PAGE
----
PHOENIX — Arizona Republican state Sen. Paul Boyer has decided to forego seeking reelection next year, a decision he said Wednesday had been years in the making.

"This is something that I have been wrestling with since 2019," Boyer told KTAR News 92.3 FM’s Gaydos and Chad on Wednesday.

Boyer, who will serve out the remaining year of his term before moving on after a decade of service, said he spoke with a friend on the Senate floor before seeking reelection in 2020 and was convinced to run again to keep a Republican majority.

Over the past year, Boyer’s relationship with his party has been rocky as he’s locked horns with Republicans on a number of issues.

The Glendale lawmaker blocked Republican Senate President Karen Fann’s effort to hold the Maricopa County Board of Supervisors in contempt over refusing to immediately hand over ballots from the 2020 election under a subpoena for the unprecedented partisan review of President Joe Biden’s victory.

Boyer also withheld his vote on the budget GOP legislative leaders were pushing until massive tax cuts were slimmed down to pay off more state debt and cities were assured stable revenue.

He has previously called the environment “toxic,” and said his desk was moved to the Democrat side of the aisle and he wasn’t given an explanation why.

“When it’s been healthy in the past, where you could go into Senate leadership as a caucus and talk about issues of disagreement and why the speaker of the house or Senate president is or isn't doing something as opposed to just being told to go along with it and shut up,” Boyer said, adding members also go on social media and say nasty things about other members.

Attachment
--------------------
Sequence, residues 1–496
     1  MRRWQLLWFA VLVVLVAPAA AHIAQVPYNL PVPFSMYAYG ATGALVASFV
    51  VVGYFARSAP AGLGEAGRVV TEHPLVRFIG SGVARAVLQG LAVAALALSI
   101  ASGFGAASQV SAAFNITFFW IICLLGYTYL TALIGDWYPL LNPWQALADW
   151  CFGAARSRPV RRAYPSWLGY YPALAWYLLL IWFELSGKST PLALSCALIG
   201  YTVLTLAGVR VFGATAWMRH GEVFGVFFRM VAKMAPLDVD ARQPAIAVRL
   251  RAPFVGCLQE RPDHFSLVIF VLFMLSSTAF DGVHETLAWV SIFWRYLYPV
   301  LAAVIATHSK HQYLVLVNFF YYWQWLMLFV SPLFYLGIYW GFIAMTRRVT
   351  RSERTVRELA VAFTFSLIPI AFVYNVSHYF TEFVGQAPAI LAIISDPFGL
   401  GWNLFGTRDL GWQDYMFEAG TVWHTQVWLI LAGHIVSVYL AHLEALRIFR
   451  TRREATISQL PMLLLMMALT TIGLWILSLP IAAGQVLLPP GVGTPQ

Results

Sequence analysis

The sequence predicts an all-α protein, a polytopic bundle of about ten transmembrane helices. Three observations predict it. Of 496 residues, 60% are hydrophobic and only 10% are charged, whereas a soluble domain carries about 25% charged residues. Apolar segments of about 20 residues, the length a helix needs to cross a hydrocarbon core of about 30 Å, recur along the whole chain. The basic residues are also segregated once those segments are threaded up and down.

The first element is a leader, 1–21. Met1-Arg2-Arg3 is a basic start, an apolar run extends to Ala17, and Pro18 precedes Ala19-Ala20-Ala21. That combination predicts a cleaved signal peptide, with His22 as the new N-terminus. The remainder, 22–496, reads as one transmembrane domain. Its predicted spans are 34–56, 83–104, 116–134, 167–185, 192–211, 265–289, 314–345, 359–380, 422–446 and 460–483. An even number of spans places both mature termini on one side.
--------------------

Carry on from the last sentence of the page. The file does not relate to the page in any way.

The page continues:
"You just don't have the collegiality that used to have.”

Boyer has received death threats, needed security detail and even made changes to his home by ordering security doors.

"The worst part is when I'm at the Capitol and know my wife and young son are at home," Boyer said.

"If they want to come after me that's one thing, but not knowing what's going on at the house and who may or may not be stopping by or driving by, that's the most unsettling part."

While he said the “ridiculousness” over the last year didn’t help, it really wasn’t a huge factor in his consideration to move on to other pursuits.

Boyer had already conceded that his time at the Capitol was over during election night in 2020 when he was down by 3,000 votes but said he was grateful to eventually win another two years so he could help as many people as he could.

In what could be another sticking point between Boyer and some members of the Senate, he vowed Wednesday that he would not vote to get rid of early voting because it is popular with voters of both parties and the state has been doing it for three decades.

Boyer expects to soon begin teaching at a community college.

In addition to Boyer, term-limited GOP House Speaker Rusty Bowers said Wednesday that he is unlikely to make a run for a Senate seat.

Fann also announced on Nov. 1 that she would not seek another term.

The Associated Press contributed to this report.